(April 25, 2018 / Embassy of Israel in Washington, D.C.) A Democratic senator from Hawaii, Daniel Inouye was a staggeringly brave man. He served as a medical volunteer when Pearl Harbor was attacked, but it wasn’t until 1943 that the United States permitted military service to men of Japanese ancestry. Inouye promptly signed up. In the next two years, he distinguished himself in service of the war effort, eventually winning the Congressional Medal of Honor.
Leading a unit in France, he was shot in the chest. He survived because some lucky silver coins blocked a bullet. In Italy, he was shot again as he guided an infantry platoon against an entrenched battery. Just as he had pulled the pin from a grenade, he was struck by an enemy grenade, which lopped off much of his right arm. Refusing aid, he used his left hand to pry the lit grenade from his now nearly severed right hand and lob it at the Germans. This destroyed the enemy gun nest. Unfortunately, his right arm had to be fully amputated.
Entering politics, Inouye was the first Japanese-American elected to the House, and the first to preside in the Senate.
Inouye was supportive of Jewish causes from the moment he learned about the Holocaust. Convalescing from his war wounds, he heard about the Shoah horrors from a veteran who had been among those who liberated a death camp. Thereafter, Inouye felt a kinship with the Jewish people. He made money to pay for his education by selling Israel bonds, and more than once said that he had considered converting to Judaism.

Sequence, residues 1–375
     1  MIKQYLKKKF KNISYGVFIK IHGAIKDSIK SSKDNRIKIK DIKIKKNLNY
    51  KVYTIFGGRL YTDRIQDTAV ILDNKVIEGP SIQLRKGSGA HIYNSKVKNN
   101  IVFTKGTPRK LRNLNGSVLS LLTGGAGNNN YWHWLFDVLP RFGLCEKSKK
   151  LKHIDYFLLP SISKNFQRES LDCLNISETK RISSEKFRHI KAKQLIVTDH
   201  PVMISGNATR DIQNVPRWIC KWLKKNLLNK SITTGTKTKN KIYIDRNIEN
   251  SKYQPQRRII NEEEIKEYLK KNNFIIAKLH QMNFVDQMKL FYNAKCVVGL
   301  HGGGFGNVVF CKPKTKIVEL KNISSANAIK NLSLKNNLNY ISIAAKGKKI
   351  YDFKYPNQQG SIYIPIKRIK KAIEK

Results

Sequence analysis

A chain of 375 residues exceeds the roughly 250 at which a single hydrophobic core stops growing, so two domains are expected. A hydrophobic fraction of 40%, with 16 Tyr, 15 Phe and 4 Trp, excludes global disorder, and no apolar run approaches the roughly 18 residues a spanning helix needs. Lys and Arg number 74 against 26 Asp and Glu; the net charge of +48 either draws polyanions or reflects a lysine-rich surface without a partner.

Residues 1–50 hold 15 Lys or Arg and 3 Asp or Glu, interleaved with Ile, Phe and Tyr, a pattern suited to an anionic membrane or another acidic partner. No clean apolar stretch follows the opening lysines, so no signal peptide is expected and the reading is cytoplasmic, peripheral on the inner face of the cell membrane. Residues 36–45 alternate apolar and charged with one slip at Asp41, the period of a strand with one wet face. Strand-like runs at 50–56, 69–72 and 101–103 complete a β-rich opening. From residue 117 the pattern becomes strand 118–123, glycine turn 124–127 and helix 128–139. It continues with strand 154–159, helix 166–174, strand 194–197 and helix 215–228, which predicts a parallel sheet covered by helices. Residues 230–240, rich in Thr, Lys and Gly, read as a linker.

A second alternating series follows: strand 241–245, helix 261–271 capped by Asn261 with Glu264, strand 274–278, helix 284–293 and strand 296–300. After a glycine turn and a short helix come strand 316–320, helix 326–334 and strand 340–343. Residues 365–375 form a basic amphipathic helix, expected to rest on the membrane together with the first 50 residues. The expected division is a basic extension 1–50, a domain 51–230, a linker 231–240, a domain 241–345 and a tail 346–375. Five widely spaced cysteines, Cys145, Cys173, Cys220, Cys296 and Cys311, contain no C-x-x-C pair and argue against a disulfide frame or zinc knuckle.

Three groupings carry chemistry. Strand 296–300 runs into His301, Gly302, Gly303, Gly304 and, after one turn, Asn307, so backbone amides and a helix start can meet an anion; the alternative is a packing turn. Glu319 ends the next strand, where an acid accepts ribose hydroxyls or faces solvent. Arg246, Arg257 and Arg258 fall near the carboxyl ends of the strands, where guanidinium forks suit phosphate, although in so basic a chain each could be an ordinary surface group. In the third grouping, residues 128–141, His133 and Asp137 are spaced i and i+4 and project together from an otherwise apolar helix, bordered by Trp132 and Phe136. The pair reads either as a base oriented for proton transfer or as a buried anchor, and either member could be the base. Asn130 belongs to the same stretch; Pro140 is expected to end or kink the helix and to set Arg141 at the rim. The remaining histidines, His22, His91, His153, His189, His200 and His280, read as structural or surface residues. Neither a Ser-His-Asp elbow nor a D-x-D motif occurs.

As the longtime head of the Senate Appropriations Committee, Inouye had great power. Over and over, he used that power to help Israel.
As Israeli Ambassador Sallai Meridor noted that Inouye “led the American support for the development of multi-layered Israeli initiated missile defense system, from Arrow, through David’s Sling, to Iron Dome.” He ensured that Israel would not only be allowed to purchase most advanced American weapons systems for its defense, but also be able to develop its own cutting-edge systems to guarantee its “qualitative military edge” over its enemies.
Honoring his invaluable contribution, Israel named an Arrow defense-missile facility after him, marking the first time that the country has named a military facility after a non-Israeli.
Inouye was also a sponsor of legislation calling for the United States to recognize Jerusalem as Israel’s capital. And he was pointed in giving credit to Israel, knowledgeably remarking that “Israel’s contribution to U.S. military intelligence is greater than all NATO countries combined.”